Paid for media

Bigger malice follows paid news syndrome.

The long term effects of ‘paid news’ in the media have been devastating. Though started by a few, the practice spread to others. For the rest, promotional items became more frequent. Though these are not paid news per se, those who featured in them were often regular advertisers. A quid pro quo arrangement exists between most news papers and their advertisers.

Even in olden days, it was not unusual for the editorial side of the newspapers to give some consideration to big advertisers. However, the following comment from a top level manager of a bank, which often partners with a national newspaper in organising mutually beneficial programmes in Kerala, described the situation precisely. “In the past, we used to make it a point that our press releases went to the news bureaus directly. They were never routed through the advertising wings of newspapers because the editorial people were almost sure to dump them just because they came through their advertising department. Now, we make sure that the releases are routed through the advertisement department as that guarantees publication.”

Television channels go a step further. Specific news slots are allotted to news from the advertisers. When asked about a regular slot being given to a stunt by a member of a business family day after day, a producer of a Malayalam channel said: “It is just like jackets in newspapers.” The comparison was incorrect because the channel was masquerading publicity material as news. The situation is worse when it comes to business news. Negative news relating to individual companies is often suppressed. For example, a channel that gave much importance to the share price of two companies going up for a few days in succession, barely mentioned it when the share price hit the lower circuit limits of stock exchange a few weeks later. (Many of the ups and downs in markets are now caused by exaggerated news which helps channels to create viewer interest.) Interestingly, a recent promotional advertisement for a channel turned out to be, in effect, one to justify a brand that was taking a beating at the hand of regulators.  The selected bytes of reporters were ones that presented the side of the troubled company.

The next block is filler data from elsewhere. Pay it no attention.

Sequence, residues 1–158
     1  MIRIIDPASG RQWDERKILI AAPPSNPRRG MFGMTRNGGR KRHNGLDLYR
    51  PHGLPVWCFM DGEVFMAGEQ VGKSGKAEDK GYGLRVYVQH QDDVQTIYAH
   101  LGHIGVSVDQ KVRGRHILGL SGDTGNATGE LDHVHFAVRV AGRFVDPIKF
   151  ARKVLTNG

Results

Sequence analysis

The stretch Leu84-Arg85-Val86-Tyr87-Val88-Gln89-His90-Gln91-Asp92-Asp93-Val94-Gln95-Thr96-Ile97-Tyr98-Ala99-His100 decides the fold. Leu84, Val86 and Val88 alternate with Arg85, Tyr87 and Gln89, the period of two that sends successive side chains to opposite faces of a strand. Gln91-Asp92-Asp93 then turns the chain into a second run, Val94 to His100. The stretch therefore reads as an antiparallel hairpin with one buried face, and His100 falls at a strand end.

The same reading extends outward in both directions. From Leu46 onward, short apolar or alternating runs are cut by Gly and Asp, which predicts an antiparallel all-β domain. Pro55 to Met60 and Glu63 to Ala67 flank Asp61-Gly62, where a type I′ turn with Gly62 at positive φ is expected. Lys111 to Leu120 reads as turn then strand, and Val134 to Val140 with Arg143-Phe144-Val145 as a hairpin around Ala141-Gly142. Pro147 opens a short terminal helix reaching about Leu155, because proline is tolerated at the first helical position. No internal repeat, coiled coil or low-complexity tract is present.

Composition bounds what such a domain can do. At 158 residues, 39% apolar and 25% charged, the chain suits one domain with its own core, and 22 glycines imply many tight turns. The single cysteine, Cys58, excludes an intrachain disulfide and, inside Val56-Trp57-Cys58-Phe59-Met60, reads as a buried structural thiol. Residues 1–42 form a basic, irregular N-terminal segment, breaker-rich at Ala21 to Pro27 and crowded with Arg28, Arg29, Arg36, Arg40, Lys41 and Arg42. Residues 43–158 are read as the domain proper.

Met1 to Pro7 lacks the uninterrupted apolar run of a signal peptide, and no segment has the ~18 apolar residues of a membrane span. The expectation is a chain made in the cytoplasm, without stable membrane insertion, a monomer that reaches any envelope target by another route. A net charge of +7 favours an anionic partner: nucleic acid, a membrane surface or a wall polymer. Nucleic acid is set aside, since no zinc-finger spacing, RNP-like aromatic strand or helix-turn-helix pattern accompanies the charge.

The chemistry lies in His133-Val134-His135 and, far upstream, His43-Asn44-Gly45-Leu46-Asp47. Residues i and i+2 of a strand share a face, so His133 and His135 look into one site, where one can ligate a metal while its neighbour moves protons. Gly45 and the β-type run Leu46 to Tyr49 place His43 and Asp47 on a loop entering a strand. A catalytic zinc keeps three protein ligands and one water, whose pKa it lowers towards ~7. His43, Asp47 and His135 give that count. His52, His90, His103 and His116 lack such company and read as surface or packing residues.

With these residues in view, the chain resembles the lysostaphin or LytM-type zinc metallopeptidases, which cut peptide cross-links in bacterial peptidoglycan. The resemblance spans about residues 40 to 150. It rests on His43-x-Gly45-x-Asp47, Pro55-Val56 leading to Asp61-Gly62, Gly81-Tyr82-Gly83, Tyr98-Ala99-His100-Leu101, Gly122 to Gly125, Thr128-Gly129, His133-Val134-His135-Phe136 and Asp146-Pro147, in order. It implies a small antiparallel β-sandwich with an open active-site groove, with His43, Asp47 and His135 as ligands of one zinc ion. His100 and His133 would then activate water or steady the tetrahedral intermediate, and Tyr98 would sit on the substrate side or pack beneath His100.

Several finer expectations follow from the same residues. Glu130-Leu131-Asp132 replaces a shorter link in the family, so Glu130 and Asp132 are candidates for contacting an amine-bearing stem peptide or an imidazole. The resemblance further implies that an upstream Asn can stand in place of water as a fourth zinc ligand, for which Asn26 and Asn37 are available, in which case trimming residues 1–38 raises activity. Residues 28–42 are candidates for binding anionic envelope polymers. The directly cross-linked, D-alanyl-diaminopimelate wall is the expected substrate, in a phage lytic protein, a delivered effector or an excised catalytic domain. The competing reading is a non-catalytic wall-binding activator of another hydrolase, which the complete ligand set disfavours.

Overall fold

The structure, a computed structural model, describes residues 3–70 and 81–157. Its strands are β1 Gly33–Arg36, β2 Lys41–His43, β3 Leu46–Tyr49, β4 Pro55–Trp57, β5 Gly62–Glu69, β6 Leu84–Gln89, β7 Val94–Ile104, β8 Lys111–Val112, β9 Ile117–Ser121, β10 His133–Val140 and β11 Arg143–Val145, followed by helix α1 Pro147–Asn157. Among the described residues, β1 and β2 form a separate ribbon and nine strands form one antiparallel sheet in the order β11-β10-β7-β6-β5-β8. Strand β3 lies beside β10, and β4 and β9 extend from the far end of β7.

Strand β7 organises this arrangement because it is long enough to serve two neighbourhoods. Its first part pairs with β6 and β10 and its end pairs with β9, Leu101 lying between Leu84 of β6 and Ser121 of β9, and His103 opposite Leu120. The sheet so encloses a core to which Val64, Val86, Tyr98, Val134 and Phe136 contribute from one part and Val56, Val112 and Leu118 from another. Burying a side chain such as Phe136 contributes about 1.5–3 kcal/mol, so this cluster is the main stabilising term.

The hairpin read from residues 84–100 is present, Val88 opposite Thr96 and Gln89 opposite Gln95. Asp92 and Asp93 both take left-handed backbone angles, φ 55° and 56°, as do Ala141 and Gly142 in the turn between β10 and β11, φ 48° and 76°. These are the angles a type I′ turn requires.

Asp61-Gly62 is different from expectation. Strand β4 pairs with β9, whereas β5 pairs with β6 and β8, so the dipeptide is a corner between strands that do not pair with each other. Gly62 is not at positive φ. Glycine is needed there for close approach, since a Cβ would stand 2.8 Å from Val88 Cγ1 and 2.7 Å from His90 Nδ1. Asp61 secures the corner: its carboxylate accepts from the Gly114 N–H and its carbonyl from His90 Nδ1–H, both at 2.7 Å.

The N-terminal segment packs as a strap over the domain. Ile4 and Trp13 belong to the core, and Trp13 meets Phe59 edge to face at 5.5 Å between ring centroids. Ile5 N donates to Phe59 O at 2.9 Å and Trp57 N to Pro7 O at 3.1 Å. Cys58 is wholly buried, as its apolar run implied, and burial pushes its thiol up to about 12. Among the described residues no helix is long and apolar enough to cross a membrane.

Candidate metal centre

To top it all, now entire channels are being paid for by interested parties. The Managing Director of Zee Entertainment Subhash Chandra recently told ET Now that the owner of a channel (on paper) was a chartered accountant who had no means to run a loss making television channel. Another was in jail. Still, there was no dearth of funding for the channels.

As he said, there was need for transparency regarding ownership of channels. This called for legislation. Legislation was also needed to prevent ‘paid news’ as the much touted ‘self regulation by media’ is not working at least in the case of ‘paid news’.

Related article: Paid News Syndrome 2015